Rohan Grey: Yeah, you accidentally drone strike an American child. Oh, well, whoopsie, mistakes happen. But God forbid that we do something that doesn’t sound very serious when it comes to preventing a catastrophe. And he’s talking about Boehner there, and of course, Boehner blissfully peaced out of the political scene when Trump came on the scene. And McConnell’s still around and was a big part of the story then. But I think it’s important that, at that point, the Republicans did blink. When the Democrats played hardball, their gamble paid off. They put a gun to the head of the American economy and said, “We’ll pull the trigger. We’ll do it if you don’t tell us to step down.” The Republicans said, “Fine, step down. The polling is hurting us.” This time around, I don’t think McConnell will do that. But I think the other thing that’s important is that, since then, we’ve made some strides now that this is on the table in crisis preparation. And at that point, there were these debates about, well, how are we going to prioritize different kinds of payments? Can we actually ensure that people who hold government debt will continue to get paid even if we have to sequester the government, employees, Social Security payments, and things.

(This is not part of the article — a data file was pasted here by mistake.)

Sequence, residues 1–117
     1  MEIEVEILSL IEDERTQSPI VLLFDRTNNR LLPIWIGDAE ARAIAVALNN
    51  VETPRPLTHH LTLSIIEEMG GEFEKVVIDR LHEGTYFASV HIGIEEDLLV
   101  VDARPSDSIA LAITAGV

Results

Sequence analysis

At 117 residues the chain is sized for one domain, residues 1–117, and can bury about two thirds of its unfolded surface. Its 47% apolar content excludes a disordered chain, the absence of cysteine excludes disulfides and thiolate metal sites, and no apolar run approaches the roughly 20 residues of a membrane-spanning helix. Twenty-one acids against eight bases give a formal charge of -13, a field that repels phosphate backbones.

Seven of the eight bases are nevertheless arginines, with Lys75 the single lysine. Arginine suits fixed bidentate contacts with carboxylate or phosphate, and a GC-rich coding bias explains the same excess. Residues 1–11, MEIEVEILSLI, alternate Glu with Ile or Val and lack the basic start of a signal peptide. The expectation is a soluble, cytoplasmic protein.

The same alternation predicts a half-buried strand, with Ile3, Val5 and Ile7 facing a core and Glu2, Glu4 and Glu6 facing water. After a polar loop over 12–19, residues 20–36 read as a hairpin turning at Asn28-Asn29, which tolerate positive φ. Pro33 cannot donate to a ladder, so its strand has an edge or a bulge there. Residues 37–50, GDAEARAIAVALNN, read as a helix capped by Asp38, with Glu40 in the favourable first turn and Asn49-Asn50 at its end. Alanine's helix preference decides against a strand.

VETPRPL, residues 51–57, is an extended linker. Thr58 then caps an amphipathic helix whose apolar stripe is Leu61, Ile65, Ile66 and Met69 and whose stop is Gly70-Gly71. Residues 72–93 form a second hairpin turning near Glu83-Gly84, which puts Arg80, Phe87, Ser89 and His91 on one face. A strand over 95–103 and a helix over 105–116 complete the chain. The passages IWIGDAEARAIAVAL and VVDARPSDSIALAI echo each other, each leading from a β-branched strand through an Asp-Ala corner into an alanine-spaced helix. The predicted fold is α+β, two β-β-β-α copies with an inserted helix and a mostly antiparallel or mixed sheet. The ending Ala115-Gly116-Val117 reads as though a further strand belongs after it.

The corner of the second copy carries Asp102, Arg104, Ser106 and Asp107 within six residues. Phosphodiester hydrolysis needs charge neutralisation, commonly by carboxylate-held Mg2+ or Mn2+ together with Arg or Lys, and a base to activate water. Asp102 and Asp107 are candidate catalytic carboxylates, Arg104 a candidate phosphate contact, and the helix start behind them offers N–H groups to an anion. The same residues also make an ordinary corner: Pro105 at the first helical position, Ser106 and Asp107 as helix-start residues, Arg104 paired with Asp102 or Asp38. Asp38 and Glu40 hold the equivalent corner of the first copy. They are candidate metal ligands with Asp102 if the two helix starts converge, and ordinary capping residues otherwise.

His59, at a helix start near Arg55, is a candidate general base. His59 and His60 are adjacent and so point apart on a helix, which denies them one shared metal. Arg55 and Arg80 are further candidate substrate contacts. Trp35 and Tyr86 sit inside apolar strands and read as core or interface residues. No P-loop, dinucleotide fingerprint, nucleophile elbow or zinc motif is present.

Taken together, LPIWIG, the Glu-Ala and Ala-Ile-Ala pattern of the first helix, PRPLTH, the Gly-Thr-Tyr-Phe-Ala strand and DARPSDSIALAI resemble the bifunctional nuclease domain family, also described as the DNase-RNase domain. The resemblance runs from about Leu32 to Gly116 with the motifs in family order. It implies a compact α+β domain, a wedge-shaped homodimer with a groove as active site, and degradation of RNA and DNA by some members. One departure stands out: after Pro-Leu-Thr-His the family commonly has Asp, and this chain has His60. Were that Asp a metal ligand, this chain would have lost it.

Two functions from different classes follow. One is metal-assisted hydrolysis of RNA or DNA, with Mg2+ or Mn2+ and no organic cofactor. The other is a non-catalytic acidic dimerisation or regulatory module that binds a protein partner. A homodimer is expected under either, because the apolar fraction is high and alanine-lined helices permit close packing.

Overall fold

Well, make sure the finance guys get paid even if everything else gets cut. That was a very hard operational challenge at that point. I don’t think it’s as hard now. And I think that certainly McConnell does not want the bondholders to not get paid. But I think he would be fine if this time around a government shutdown completely stopped Social Security checks, government employee paychecks, and things. If they could show that next time there’s a debt ceiling crisis, or next time there’s one of these crises, the only people that will actually potentially suffer, are the welfare state, the kinds of things that they love nothing more than starving, that will be a big win for them. Because in that moment, putting a log into the spokes of the wheel of the budget machine is just one more tool to starve the beast that they’ve been trying to starve forever. So I think that’s something to be very weary about. In transposing the fight that happened in 2011 and 2013 to the present is the stakes are higher, that the republicans are willing to draw more blood, and the people that are likely to be most harmed, if we do go across that Rubicon moment, will not be the international bondholders first, it will most likely to be the people who receive benefits from the government or employee salaries.